The Mason City Globe-Gazette from Mason City, Iowa on March 19, 1931 · Page 24
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March 19, 1931

The Mason City Globe-Gazette from Mason City, Iowa · Page 24

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Mason City, Iowa
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Thursday, March 19, 1931
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Page 24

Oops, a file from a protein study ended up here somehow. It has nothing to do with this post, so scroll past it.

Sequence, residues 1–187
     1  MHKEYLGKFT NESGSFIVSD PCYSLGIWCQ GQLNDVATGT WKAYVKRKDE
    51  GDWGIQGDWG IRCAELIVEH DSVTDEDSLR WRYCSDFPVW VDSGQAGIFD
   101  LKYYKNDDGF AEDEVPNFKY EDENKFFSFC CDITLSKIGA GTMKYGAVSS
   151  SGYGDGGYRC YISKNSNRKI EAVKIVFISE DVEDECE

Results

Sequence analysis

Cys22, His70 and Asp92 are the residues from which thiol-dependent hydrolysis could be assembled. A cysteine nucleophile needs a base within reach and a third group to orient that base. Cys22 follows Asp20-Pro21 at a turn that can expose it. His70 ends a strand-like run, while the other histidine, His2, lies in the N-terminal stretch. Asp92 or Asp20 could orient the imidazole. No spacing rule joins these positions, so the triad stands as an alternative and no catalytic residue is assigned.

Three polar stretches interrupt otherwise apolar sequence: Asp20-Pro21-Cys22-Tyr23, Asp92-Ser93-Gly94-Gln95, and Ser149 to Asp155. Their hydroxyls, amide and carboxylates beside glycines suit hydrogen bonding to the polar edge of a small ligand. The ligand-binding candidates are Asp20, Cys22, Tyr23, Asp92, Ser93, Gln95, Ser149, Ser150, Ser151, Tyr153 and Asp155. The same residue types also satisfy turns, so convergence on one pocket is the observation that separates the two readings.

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24 MASON CmrGLOBEiGAZETTE MARCH 19 1931 STERLING NO; 1 13 NO. F STERLING NO. 2 812 SO. PENN. Life Life ia one hard battle.' Don't get discouraged ---just save a fe\v dollars and things will look brighter. You have often heard people say "No One Is . Going to Give Yo^i . Anything." Thai Is not correct, because the Sterling Groceries give you low prices , on groceries. / LUKE B. MDLLER .Sterling No. 1 Phone 1600-1-3 Sterling No. 2 Phono 807 Friday --- Saturday Monday , SAVE Clear Lake Butter, lb. ..^.:............._._ :,,......,,....,, ......33c Folger's Coffee, lb. ..'.... .SOc I Hills Coffee, lb. . . . . . . . . . . . S 9 c [ Butternut, lb. .....:.,.,.. S9c I Chase and Sanborn, lb. .'..89cl Monarch 'Coffee, lb .S9c I Maxwell House, lb. ...... .Sao Virginia Sweet, lb. ........ 85o Monarch Breakfast, lb. ...2DC Old Gold with Premium, lb. SOc Castle Tea, pkg 2So SAVE Red Pitted Cherries, Ige. 10 can 79c Monarch Golden Bantam.. .15c I Monarch'Peaches, large can 25o I Monarch Diced Beets, can i5c] Monarch Pumpkin, large.. ,15o I Monarch Diced Carrots, can 15c I Monarch Mixed Vegetables 15c Monarch Hominy ·, .' _10c Monarch Spinach, large.. ,23c Monarch Ripe Olives. 25c Monarch Fresh Prunes... -25c SAVE Big- Q Flour, £9 Ibs. _ 1S.OO Monarch Fruit Salad 2So| Monarch Preserves, large..33uI Monarch Asparagus Tips..25c[ Monarch Carrots and Peas ZOcI Monarch Olives, large ... .25o | Monarch .Ketchup, largo ..19p Monarch Cocoa, lb. can... .25o Monarch Tapioca, pkg.....!0a Monarch Oats, large 22o Monairch Macaroni, 4 pkgs. 25c Natl. Biscuit Co. · SAVE ' V Premium Sodas or Premium Grahams 21b.Caddy25c Peas, large can . . ; idc Sweet-Corn, can lOo Sauerkraut, large '.lOc ^Golden Bantam Corn, Ige.. .109 Tomatoes, can lOc Cut Beets, can '. lOo Mackerel, -large can...-.... -iOo Sardines, large, tomato... .10c Sardines, large, mustard..lOc Cut' Green Beans, large lOc SAVE Oxydol, large pkgs., 2 for ..;.. r . ...,,..: ...._ 35c Monarch Grape Fruit, can 19c I Monarch Tomato Juice... ,10c | Monarch · Orange and Grape Fruit Juice, can..25c Monarch Tuna, can .2 Monarch Bed Salmon 25o Monarch. Grape Juice ..... .2(c Monarch Pork and Beans, 3 for .25o Monarch -Noodles, can .... .19 Monarch Sprouts, can 18c Einso, Ige. pkg. SAVE Llbby's Tall Milk, 3 for!.. ,25c | Campbell's Tomato Soup, S for 25c Peanut Butter, No. 1, pints 32c I Peanut Butter, No. 1, qts. 89cl Mustard, quarts * 19c.| Macaroni, 6 pkgs. 25o Banner Oats, large lie' Fig Bars or Ginger. Snaps -2 Ibs. Blue Ribbon Malt, large. I Puritan Malt, large 49n SAVE Oranges, good size, 2 doz. .._ ....29c Apples, 4 Ibs 25c I Grape ·Fruit, large Sc I Lemons, large, dozen 85cJ Potatoes, nice ones, peck 25cj Carrots, bunch.......... .-.lOc j Bulk Dates, 2 Ibs. .... 25c Oranges, large, dozen SOc Onions and Radishes ..... Lettuce, large 8c Celery, large .'....... 15o 1 . - . . - · ,SAVE _ Pink Salmon, lb. can .'_..._ L__ ,,.....__ ......lOc Prunes, med. size, 3 Ibs .25cl Bulk Cocoa, 2 Ibs :.. .19o Bulk Biacarpnl; S Ihs.:....'.25cl Bulk Cocoanut, No. 1, lb...29c Rice, fancy, 6 Ibs. ..:..... 25c I Northern .Beans, 4 Ibs 25c I Apricots,' fancy, lb. .......22c I Bulk Oatmeal, 9 Ibs 25c Prunes, large, lb. .........l!)o Peaches, lb 190 SAVE Schall's Chocolate Coated Cherries, lb. box 25c Corn Starch,'3 pkgs.....'..Hoc I Gloss Stutch,' 8 pkgs. ......25c I Sal Soda, large pkg........ lOc I Ivory.Soap,.2 medium i Ivory Soap, 2 large ...... .25c Ivory Flakes, large 22c Uub-No-More, large 22c I^iva Soap, 3 for .25c Gold Dust,' large .25c Cllmalene, large 25c. Peaches/Ige. 10 can SAVE .....49c Nut Meats, fresh, lb. ......69c English Walnuts, No. 1, lb. 29c Black Walnuts, 8 Ibs 25c Roasted Peanuts, Jb 15c Cookies; Jb. :....25c Decker's Tall Corn Bacon, lb 29o Decker's lowana Bacon, 16. 37c Decker's Canadian Stjle Bacon, lb S9c Cream Cheese, No. I, lb 25c Decker's Pure lowana Lard 15c SAVE Purity Bread, light or dark _·.. -...5c' MR/FARMER: MB. FARMER ^-Brlng'us your eggs. Meet, your friends here. Make thta store your Mason City headquarters. USE PARKING PLACE BACK OF STORE. CAMPUS LIQUOR AFFAIR SETTLED Minnesota Decides Method to Use in Disciplining 17 Students. ST. PAUL, March 19. £)--The controversy aroused in educational and legislative circles by the disciplining of 17 students for drinking on the campus of the University of Minnesota farm school was settled today. 1 Senator Henry Spindle'r, chairman of the committee named by the Minnesota state s'enate to^investigata the affair, said school authorities had decided 13 of the suspended students would be assigned ^ summer work, either on farms or at home, and upon its completion would be given diplomas. - · , Two 'second offenders would ( have to return to school next fall for further scholastic work. Two others were expelled and those expulsiana will be permanent. Resolutions in the state house fbi investigation of drinking at the school appeared likel? to be killed by the rules committee. "Bird Day" Will Be Observed on Friday .in Schools of Iowa ..-:· DES MOINES, March 19.' .... "Bird Ddy" will be observed by Iowa schools Friday, according to an announcement by Miss Agnes Samuelson, state superintendent oi public instruction. March 21 is designated by the state as Bird Day each year, but since it falls on Saturday, schools will celebrate it on Friday this year. "The purpose of Bird Day," says the announcement, "is to direct attention to a study of the.usefulness, habits and protection of birds. We hope that greater interest in the outdoor-world will be stimulated, by the day's special activities. An outdoor museum' is available to every child in this great state .if his eyes are but opened to behold its beauty," Leading Dairymen of Three States Will Gather for Congress DULUTH/Minn., March 19. (JP)-Leading dairymen of , Minnesota, Wisconsin, and Michigan, together with officials and farm authorities from the three states, will gather here Friday for the fourth annual Tri-State Dairy Congress, at which time honor is given for the past year's achievements ha dairy herd improvement thru the work of cow- testing associations. " The nine champion dairymen .of the cut-over regions of Cloverlahd, which embraces northern Minnesota, Wisconsin' and Michigan, will be honored at the congress, as also will £e about 75 .leaders of high ierds-in the various counties of the three states. W. H. Schilling, Northfleid, representing dairying on the federal farm -board, is to be here for the congress and will be one of the principal speakers. Gov. Floyd B. Olson of Minnesota will also be a speaker, while representatives of the governors o£ Wisconsin and Michigan also are to address the dairymen. The theme, "Economy in Production," is to be carried out thru the congress. The congress will formally open with an address of welcome by Mayor S. F. Snively of Duluth; · · . \ At a noon luncheon silver loving cups will be presented to the nine owners of high herds in the champion dairymen's contest. N. J. Holmberg, retiring commissioner of agriculture for Minnesota, is to make the presentations. Forest Fire Hazards in Minnesota Found to Be on Increase ST. PAUL, March 19. UP)--Forest fire hazards are increasing daily ID the northern lake states region, E. W. Tinker, regional forester at Milwaukee, said. The, first two fires of the 1931 season in that district were in the Chlppewa forest at Cass Lake. Recent light falls of snow have disappeared and inumerous fires ia dry grass outside the forest render visibility at times very poor. "Fire conditions are becoming worse every day In the northern lake region," Mr. Tinker declared. Fires have been most prevalent around and on the Chippewa forest at Caas Lake and emergency guards were placed on the Bena and Cass Lake lookout towers on March 2. The first two fires this year were meadow fires. A third blaze occurred at the Burns Lake roa3 bridge over the Mississippi river on March 1. J. M. Walley, supervisor of the Chippewa forest, reported fires are continually burning around the forest boundary, and that fire trucks have been put into condition in an effort to protect forest growth. Moving Pictures T^ken of Little Brown Church. NASHUA, March 19.--A movie of the -Little Brown church in th« vale was made this week and soon this historic church will be seen upon the screen. A picture was taken of an Oklahoma car driving up to the church, a young couple alighting from it and going Into the church where a mock wedding waj performed by the pastor, tne Rev. William Kent. The films were sent to Hollywood to be incorporated into the film, "Strange as It May Seem," Lucille Roach impersonated WHO'S AFRAID? rDefying superstition these babies picked Friday, the thirteenth of March, to make;their entry Into the; world at a New York hospital. Well, Its luckier to come in than to go out, on a thirteenth or any other date. the bride, Edward Staley, the bridegroom, and Gwendolyn Abelieter and Leo Motion were attendants. SAYS RAILROADS DID THEIR SHARE Railway's Public Relations Committeeman Speaks at Council Bluffs. ·'-' COUNCIL BLUFFS, March 19.-"That the. railroads of the United States did their share-in 1930 to maintain the commercial-prosperity of this country is shown by the fact that; in the very face of the poorest year, they have had in almost a 1 decade, they expended, on capital account, 5872,608,000, which was bu*. 512,500,000 Jess than they expended In 1826, their best, year, from: the standpoint. of earnings; since, the World war," declared C. D. Morris of'the Western Railways' committee on public relations, Chicago, in an address at the quarterly dinner of the Chamber of Commerce here last:night. .- . . "Railway expenditures, no matter for what purpose," continued Morris,- "go directly into. the. channels of trade and commerce and the condition of business in every community is directly affected thereby. It is obvious, therefore, that businessmen generally should be directly concerned with regard to the very serious situation in which the railroads now find themselves." Smith Is Elected President. EAGLE GROVE,' March 19.-The reorganized school board elected HOOVER SECRETARY Theodore JosIJn, Washington correspondent . of the Boston Transcript, has been sworn in as secretary to President Hoover. He succeeds George Aker- so'n, who resigned several weeks ago, and brings the president's secretarial staff again 'to four. RusselJ R. Smith president. J. M. Logan, was re-elected as superintendent. · CHIL C R Y F O R I IVE million modern mothers will tell you that children DO cry for Fletcher's Castoria. For mothers always give a few drops of this pure vegetable preparation when a child has any of the symptoms that tell ·' of sluggish bowels/colic,,or other upsets. When tiny,, tongues are coated and breath is" bad. When a child is restless; irritable. Always soothing and comforting to an infant-yet it is effective for children in their teens. You never have to coax children to take Castoria; they love its taste. Be ready for the next case of sour stomach, constipation, or other need for Castoria! When, buying look for the signature of Chas. H. Fletcher on wrapper. offers motorists opportunity to save 1 · M I L L I O N S Note this step forward in motor fuels ... Prove these savings for yourself, in your own car \fifif* ·_·*·· ·' H ERB is science's holiest answer, made in your interest, on whether to pay premium prices for your gasoline. Shell believes that it is good business to sell you the kind of gasoline your car needs. It does not want to ch'arge you extra per gallon unless your car requires premium fuel. · And new, amazing engine tests .prove the one quality in which premium ; brands differ from, good regular-priced gasolines is anti-knock value. · Today Shell offers a motor fuel, at regular gasoline prices, that is far higher in anti-knock · value _ than common regular priced gasolines--in fact, above many premium priced brands. This New Improved Shell 400 is made for the great majority of cars. Made to give them perfect driving satisfaction without costing their owners extra per gallon. Full power, quick starting, fast get-away-at least 75% of all car owners will find these in New Improved Shell 400, at the regular price. Certain cars, less than 25% of all built, need fuel still greater .in, anti-knock value, For them Shell has created a special gasoline-- Super-Shell Ethyl. , As a base, Super-Shell Ethyl has the finest grade of high test, quick starting, powerful gasoline. It has extra high volatility. To this is added a heavy content of Ethyl fluid--/or highest anti-knock value. For engines that need itj Super-Shell Ethyl ,offers more miles per gallon, fewer and lower repair bills. It brings a thrill to driving, a convenience in traffic, on hills and under heavy loads. Whatever gasoline you now use, give your car a filling of New Improved ShelI400. Testit. More than 75% tvill find it gives them even better perform- dncethan averagepremium priced gasolines! They can save the extra 3 cents per gallon. Those now using common fuels can end knocking, get perfect motor performance, without extra cost. If your car needs Super-Shell Ethyl, your Shell station man will tell you. Ask about the nation wide mileage test. Definitely better than many premium priced fuels, yet sold at regular prices--at least 75% of all cars can use it satisfactorily At last, a measuring trait for anti-knock values--the new Octane Number ratings! The highest Octane Number re- qnircdby75%ofallcar8is58. New Improved Shell 400, at regular price, exceeds this figure--teats over 60. It i« ideal for at least 75% of cars S H E I, P E T R O L E U M Especially for cars which require an extremely high anti-knock value to operate most efficiently. Priced three cents more per gallon C O R P O R A T I O N "«* -· ~ v